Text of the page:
Infectious diseases spreading as the result of deforestation

Outbreak of infectious diseases linked to deforestation increased between 1990 to 2016

Scientists have been repeating the warning for at least two decades: As humans encroach upon forests, their risk of contracting viruses circulating among wild animals increases.

Change in natural forest cover due to deforestation or afforestation and increase in commodity plantations like oil palm was correlated with outbreaks of infectious diseases globally, found a new study.

Outbreaks of both vector-borne and zoonotic diseases linked to deforestation increased between 1990 and 2016, the study noted, proving right past theories. The report published in Frontiers in Veterinary Science March 24, 2021 said:

Deforestation has caused malaria epidemics in South America and that forest clearing had favored the mosquito vector Anopheles darlingi in Southeast Asia for the species complex A. Any disease caused by a virus, bacteria, parasite or fungi turns zoonotic if the infection jumps from animals to humans, like was the case with the novel coronavirus disease (COVID-19). 

That's why Ana Lucia Tourinho wasn't surprised when she heard about the novel coronavirus, which was detected and has since spread around the world. An ecologist at the Federal University of Mato Grosso in Brazil, Tourinho studies how an environmental imbalance can cause forests and societies to become sick.

"When a virus that wasn't part of our evolutionary history leaves its natural host and enters our bodies, its chaos. The new coronavirus is rubbing that in our faces," she said.

Before it infected the first humans and spread through the world by living in travelers' bodies, the novel coronavirus, officially named SARS-CoV-2, inhabited other hosts in a wild environment — most likely bats.

Such virus in isolation and in equilibrium in their habitat does not pose threat to humans. When humans interfere in their forests and disturb the ecosystem, these viruses become a threat.  The problem arises when this natural reservoir is cut down, destroyed and occupied.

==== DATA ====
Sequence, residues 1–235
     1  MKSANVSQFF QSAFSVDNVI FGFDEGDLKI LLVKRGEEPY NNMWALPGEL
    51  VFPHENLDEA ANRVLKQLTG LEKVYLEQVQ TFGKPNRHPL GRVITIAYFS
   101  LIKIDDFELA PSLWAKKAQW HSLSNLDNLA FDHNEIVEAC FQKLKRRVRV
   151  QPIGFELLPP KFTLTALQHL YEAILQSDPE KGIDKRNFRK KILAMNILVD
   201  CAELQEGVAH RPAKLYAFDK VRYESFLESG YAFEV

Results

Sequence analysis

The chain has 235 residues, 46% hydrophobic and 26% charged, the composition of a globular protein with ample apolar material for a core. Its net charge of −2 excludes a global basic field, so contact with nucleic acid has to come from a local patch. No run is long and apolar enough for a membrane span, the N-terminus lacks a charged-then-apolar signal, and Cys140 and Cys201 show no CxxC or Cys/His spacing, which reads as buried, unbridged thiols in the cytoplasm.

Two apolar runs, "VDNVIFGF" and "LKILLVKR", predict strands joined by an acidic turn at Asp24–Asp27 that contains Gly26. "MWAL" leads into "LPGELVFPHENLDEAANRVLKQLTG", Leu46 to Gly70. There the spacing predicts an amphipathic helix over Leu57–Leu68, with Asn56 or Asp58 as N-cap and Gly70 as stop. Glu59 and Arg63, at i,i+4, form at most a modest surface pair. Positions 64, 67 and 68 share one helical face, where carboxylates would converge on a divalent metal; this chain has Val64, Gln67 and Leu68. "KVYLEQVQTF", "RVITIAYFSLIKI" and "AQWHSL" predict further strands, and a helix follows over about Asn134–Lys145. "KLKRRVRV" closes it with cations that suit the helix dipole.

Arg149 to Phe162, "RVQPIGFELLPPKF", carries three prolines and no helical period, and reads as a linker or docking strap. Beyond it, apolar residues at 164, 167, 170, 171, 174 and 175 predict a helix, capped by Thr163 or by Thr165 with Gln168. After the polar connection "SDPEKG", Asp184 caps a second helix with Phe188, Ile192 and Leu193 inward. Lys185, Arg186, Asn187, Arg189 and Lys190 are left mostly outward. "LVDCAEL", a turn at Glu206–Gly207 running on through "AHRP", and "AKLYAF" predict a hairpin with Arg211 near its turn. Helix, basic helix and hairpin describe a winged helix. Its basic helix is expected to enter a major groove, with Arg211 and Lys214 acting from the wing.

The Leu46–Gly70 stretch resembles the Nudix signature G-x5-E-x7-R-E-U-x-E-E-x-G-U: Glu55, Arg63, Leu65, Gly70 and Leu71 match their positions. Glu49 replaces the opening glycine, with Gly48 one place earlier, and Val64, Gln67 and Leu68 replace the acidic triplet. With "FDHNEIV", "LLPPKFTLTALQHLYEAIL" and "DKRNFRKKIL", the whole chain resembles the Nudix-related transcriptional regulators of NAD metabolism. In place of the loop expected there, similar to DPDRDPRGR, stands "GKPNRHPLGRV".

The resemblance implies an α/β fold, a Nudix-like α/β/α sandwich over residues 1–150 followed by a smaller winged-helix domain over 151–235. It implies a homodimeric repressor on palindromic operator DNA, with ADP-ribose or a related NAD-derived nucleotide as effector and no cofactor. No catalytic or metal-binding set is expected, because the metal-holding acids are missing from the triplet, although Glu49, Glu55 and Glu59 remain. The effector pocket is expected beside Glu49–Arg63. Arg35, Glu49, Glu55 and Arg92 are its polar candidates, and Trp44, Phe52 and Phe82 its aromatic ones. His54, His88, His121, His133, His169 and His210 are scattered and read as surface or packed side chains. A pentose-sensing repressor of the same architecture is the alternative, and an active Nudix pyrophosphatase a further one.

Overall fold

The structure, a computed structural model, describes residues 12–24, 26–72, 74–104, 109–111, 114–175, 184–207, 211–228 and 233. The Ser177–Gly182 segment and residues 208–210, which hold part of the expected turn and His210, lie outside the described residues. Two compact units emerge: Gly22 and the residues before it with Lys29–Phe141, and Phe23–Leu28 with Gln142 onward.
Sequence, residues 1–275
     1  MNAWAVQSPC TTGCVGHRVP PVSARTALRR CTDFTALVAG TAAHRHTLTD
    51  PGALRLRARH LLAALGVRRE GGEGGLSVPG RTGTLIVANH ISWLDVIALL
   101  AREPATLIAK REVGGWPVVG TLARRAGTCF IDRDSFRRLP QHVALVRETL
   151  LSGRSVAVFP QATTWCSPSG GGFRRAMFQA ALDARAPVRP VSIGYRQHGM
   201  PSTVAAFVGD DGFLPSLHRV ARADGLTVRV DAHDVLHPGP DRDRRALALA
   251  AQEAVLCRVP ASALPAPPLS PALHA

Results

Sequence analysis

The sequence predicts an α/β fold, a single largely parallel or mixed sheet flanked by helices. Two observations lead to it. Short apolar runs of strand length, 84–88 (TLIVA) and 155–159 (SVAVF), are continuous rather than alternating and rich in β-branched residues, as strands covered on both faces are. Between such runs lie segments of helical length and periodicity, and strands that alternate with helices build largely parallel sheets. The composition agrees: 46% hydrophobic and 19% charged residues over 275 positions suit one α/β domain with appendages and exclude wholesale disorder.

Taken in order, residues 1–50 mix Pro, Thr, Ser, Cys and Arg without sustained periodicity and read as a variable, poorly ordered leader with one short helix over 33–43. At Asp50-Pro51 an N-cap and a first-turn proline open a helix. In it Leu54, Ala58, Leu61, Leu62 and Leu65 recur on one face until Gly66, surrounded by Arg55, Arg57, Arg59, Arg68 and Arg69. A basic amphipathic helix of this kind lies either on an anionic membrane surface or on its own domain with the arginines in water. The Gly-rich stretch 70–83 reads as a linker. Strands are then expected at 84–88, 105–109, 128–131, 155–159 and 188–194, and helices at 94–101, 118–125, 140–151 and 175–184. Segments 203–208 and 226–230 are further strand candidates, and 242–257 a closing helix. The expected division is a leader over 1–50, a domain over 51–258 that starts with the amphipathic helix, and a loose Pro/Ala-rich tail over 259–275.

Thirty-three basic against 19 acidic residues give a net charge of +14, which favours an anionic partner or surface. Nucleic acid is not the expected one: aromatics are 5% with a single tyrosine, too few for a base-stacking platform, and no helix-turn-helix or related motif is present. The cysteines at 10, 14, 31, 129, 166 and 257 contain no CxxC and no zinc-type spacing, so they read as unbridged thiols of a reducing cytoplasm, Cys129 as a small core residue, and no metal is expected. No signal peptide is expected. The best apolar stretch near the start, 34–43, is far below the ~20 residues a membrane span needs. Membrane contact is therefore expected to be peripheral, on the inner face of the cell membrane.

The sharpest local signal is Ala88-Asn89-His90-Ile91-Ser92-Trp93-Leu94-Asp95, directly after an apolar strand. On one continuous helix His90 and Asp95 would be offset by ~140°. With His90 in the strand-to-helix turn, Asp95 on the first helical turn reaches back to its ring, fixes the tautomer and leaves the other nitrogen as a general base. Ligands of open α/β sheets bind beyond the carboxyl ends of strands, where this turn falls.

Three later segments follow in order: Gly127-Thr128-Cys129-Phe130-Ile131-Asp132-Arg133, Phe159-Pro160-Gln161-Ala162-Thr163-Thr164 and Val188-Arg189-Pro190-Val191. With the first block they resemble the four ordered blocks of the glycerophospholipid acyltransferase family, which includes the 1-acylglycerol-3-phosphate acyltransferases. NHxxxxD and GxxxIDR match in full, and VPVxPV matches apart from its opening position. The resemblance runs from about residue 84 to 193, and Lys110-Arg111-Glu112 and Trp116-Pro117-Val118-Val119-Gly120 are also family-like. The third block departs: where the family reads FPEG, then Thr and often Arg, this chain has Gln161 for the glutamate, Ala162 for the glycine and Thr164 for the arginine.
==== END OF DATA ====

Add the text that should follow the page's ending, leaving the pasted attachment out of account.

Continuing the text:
Scientific studies published before the current pandemic had already showed a connection between deforestation, the proliferation of bats in the damaged areas and the family of coronaviruses, which includes the current lethal strain.

The scenario is similar in the Amazon. In 2019, deforestation reached a record-breaking 9,762 square kilometers (3,769 square miles). The deforestation increased by 51.4% between January and March 2020 in comparison to the same period the previous year. 

An analysis by Columbia University in New York showed that the region, which houses the biggest tropical forest in the world, is also considered a likely center for epidemics. It also found that bats in Brazil carried at least 3,204 types of coronaviruses.

Tourinho doesn't even want to think about the public health impact that will occur if the Amazon rainforest continues being destroyed at this rate.

"If the Amazon turns into a great savannah, we can't even imagine what kind of diseases [could] come out of there. It's unpredictable," she said. "Besides being important to us because of the climate, the fauna, it is important for our health."

Studies in Brazil have already tracked the direct relation between deforestation in the Amazon and an increase in diseases. In 2015 the government-led Institute of Applied Economic Research (IPEA) found that for every 1% of forest that was cut down per year, malaria cases increased by 23%.

Reforestation, especially in areas outside the tropical zone, also induced outbreaks of infectious diseases, the study confirmed. The research was the first of its kind on a global scale.

Here, reforestation refers to the kind where forest area is expanded to replace grasslands, savannas and open-canopy woodlands.

The authors of the report cited the example of case growth of a tick-borne disease in Italy:

The increase in incidence of tick-borne encephalitis in humans in Italy was explained by the ratio of coppice (low woodland) to high stand forest in Italy with natural reforestation that may favor the abundance of the small mammal reservoirs of tick-borne viruses.

They also found that in areas where palm oil monoculture increased, the residents were more exposed to infectious diseases. For instance, population of vectors for diseases like dengue, Zika, Chikungunya   , and yellow fever increased in oil palm and rubber plantations, the report showed.

Monoculture refers to the cultivation of a single variety of plant species in a large-scale, often replacing the natural growth of the area. The practice is known to cause loss of biodiversity and other ecological disturbances.

The researchers analysed three data sets to illustrate this correlation. They collated country-wise data on forest cover between 1990 and 2006 from the World Bank and data on human infectious diseases from GIDEON, a repository of information on infectious disease epidemics in each country. 

Data on area under oil palm plantation was gathered from the Food and Agricultural Organization of the United Nations, the report said. They juxtaposed the occurrences of the outbreaks with forest cover trends to arrive at the results.

                                                            The Editor


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